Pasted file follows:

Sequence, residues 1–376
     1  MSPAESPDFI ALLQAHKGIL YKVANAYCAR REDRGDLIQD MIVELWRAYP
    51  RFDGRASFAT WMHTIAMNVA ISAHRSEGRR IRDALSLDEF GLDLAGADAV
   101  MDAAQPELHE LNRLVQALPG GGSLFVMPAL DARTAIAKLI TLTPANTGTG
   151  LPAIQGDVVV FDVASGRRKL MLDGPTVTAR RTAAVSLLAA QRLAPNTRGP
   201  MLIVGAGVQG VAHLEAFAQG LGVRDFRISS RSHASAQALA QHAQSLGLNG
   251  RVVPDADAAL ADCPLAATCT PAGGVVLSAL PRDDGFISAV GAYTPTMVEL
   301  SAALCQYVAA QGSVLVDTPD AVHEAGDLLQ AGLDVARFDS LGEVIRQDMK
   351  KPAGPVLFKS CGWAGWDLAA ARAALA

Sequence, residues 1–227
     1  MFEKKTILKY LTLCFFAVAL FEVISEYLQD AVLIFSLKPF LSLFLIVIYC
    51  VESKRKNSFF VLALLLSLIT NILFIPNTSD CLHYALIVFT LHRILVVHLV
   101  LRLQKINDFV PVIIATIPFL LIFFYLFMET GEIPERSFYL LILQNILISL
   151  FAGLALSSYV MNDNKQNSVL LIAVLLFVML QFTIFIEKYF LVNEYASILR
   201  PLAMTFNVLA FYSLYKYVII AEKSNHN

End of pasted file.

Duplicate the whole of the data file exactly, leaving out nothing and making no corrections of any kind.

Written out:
Sequence, residues 1–376
     1  MSPAESPDFI ALLQAHKGIL YKVANAYCAR REDRGDLIQD MIVELWRAYP
    51  RFDGRASFAT WMHTIAMNVA ISAHRSEGRR IRDALSLDEF GLDLAGADAV
   101  MDAAQPELHE LNRLVQALPG GGSLFVMPAL DARTAIAKLI TLTPANTGTG
   151  LPAIQGDVVV FDVASGRRKL MLDGPTVTAR RTAAVSLLAA QRLAPNTRGP
   201  MLIVGAGVQG VAHLEAFAQG LGVRDFRISS RSHASAQALA QHAQSLGLNG
   251  RVVPDADAAL ADCPLAATCT PAGGVVLSAL PRDDGFISAV GAYTPTMVEL
   301  SAALCQYVAA QGSVLVDTPD AVHEAGDLLQ AGLDVARFDS LGEVIRQDMK
   351  KPAGPVLFKS CGWAGWDLAA ARAALA

Sequence, residues 1–227
     1  MFEKKTILKY LTLCFFAVAL FEVISEYLQD AVLIFSLKPF LSLFLIVIYC
    51  VESKRKNSFF VLALLLSLIT NILFIPNTSD CLHYALIVFT LHRILVVHLV
   101  LRLQKINDFV PVIIATIPFL LIFFYLFMET GEIPERSFYL LILQNILISL
   151  FAGLALSSYV MNDNKQNSVL LIAVLLFVML QFTIFIEKYF LVNEYASILR
   201  PLAMTFNVLA FYSLYKYVII AEKSNHN